Friday, 19 July

Ghana records first Wilson’s disease at Korle Bu Teaching Hospital

Health News
Korle Bu Teaching Hospital

The Child Health Department of the Korle Bu Teaching Hospital (KBTH) has recorded a rare case of Wilson’s Disease in a 13-year-old boy.

The condition, believed to be the first in the country, is said to affect one out of 30,000 population in developed countries. The boy was diagnosed with the fatal genetic disease after his mother, a trader, detected his deteriorating handwriting.

The Head of the Neuro-Developmental Clinic, Department of Child Health, KBTH, Professor Ebenezer Badoe, who made the diagnosis after several tests, however, said the disease was treatable.

He said the young boy could live a normal life through medication, but was concerned about the cost involved, saying the patient needed GH¢450 every month to stay alive.

Wilson’s disease

Wilson’s disease is an inherited disorder that causes too much copper to accumulate in the organs. It causes copper levels to build up in several organs, especially the liver, brain and eyes.

In Wilson's disease, copper is not eliminated properly and instead accumulates, possibly to a life-threatening level. Symptoms typically begin between the ages of 12 and 23 and they include swelling, fatigue, abdominal pain and uncontrolled or poorly coordinated movements.

Treatment often includes medication that can prompt the organs to release copper into the bloodstream. Once it is in the bloodstream, it can then be eliminated from the body through the kidneys.


Prof. Badoe said he became alarmed when he got into contact with the boy because mostly, the first symptom of the disease presented with jaundice before affecting the other organs such as the liver and kidney.

However, he said, although the boy did not contract jaundice, his condition had crossed the jaundice stage and entered his brains causing him to lose his motor skills, hence the deteriorating handwriting, and a change in his gait.

The paediatric neurologist said because the disease was rare and needed both parents to have the genes to be affected, he requested an advance genetic test for both parents and the child which was done in the United States of America (USA) at a cost of $8,000, with funding from a non-governmental organisation, Reg Disease Ghana.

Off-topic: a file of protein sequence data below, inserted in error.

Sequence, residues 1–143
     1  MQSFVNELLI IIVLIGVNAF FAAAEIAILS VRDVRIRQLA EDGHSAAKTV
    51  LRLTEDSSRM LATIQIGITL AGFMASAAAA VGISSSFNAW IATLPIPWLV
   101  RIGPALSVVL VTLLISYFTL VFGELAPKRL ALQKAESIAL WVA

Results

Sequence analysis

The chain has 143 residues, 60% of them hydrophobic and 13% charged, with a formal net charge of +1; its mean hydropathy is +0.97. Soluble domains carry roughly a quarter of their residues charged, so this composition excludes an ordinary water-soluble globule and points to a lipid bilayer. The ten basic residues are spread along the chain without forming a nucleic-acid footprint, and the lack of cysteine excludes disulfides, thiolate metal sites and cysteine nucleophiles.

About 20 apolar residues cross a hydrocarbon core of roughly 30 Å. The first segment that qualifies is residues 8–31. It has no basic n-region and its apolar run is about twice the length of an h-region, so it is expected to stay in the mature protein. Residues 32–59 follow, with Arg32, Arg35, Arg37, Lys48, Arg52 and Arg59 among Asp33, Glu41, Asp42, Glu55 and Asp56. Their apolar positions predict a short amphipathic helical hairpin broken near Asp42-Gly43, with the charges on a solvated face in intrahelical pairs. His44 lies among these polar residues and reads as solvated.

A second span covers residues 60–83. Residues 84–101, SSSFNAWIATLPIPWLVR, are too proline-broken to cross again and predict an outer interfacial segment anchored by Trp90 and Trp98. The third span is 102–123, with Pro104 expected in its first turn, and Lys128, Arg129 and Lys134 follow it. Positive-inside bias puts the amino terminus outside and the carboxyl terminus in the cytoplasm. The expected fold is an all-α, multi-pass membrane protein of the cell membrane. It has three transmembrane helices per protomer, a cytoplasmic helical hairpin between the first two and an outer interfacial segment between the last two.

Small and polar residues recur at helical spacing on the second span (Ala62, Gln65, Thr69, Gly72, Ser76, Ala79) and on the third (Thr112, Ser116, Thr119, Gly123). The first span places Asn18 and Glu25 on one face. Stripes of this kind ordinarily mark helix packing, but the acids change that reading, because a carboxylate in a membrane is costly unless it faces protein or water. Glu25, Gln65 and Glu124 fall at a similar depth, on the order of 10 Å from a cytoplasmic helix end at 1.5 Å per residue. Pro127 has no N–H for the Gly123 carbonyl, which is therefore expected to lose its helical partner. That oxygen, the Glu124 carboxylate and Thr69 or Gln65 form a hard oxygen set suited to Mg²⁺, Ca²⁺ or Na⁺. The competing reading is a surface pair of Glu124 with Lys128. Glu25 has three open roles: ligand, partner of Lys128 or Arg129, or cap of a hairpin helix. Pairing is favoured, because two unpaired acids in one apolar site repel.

He said the test came back positive for both parents, which confirmed that the boy was presented with an ‘Autosomal recessive inheritance’, which is the way a genetic trait or condition is passed down from parent to child.

Prof. Badoe said unlike sickle cell disease which was also an autosomal recessive inheritance disease, the condition was common among the population, and therefore, was easy for one to be diagnosed with it, unlike the Wilson’s disease, which he said, was a rare case.

Eye symptoms

He said the boy’s condition had deteriorated to the extent that he had a gray ring around the edge of the corneas in the eyes, which he referred to as Kayser-Fleischer rings — a sign of copper in the eyes.

Prof. Badoe said the young boy needed lifelong treatment, saying stopping the treatment may cause acute liver failure which could lead to death. The paediatric neurologist, therefore, called on well-meaning Ghanaians, philanthropists and institutions who had the means to help buy the drugs for the little boy to keep him alive.

He said the sad thing was that though the boy’s health was improving after he put him on two months of supply of the drug, his health would deteriorate when the drug ran out and that could lead to death.

He stressed the need for teachers and caregivers to be given the needed training to pick simple changes in the children under their care so that they could report for further study to be done for early diagnosis of conditions among children. 

The paediatric neurologist praised the mother of the boy, saying through her vigilance she was able to detect that there was something wrong with her son and therefore sought prompt medical attention, leading to the diagnosis.

Speaking with the mother (name withheld) on the telephone, she told the Daily Graphic that she noticed her son was not bringing homework to the house so she often contacted his mates around to copy the work and do it for him to copy.

She said even when she did the work for the child to copy into his book, he still refused with the excuse that he could not write. She became alarmed and went to the school to enquire but his teacher told her he had become slow in class so they normally did not engage him to copy his homework since he would waste their time.

She then confided in a nurse in church who offered to help at her clinic at Kasoa, but they later realised it was beyond them and subsequently transferred the boy to the Accra Psychiatric Hospital, where she said, the result of the first MRI attracted the entire medical staff.

She said they all concluded that the boy’s condition was rare and therefore should be transferred to KBTH, where he was finally diagnosed with the disease.



Source: Daily Graphic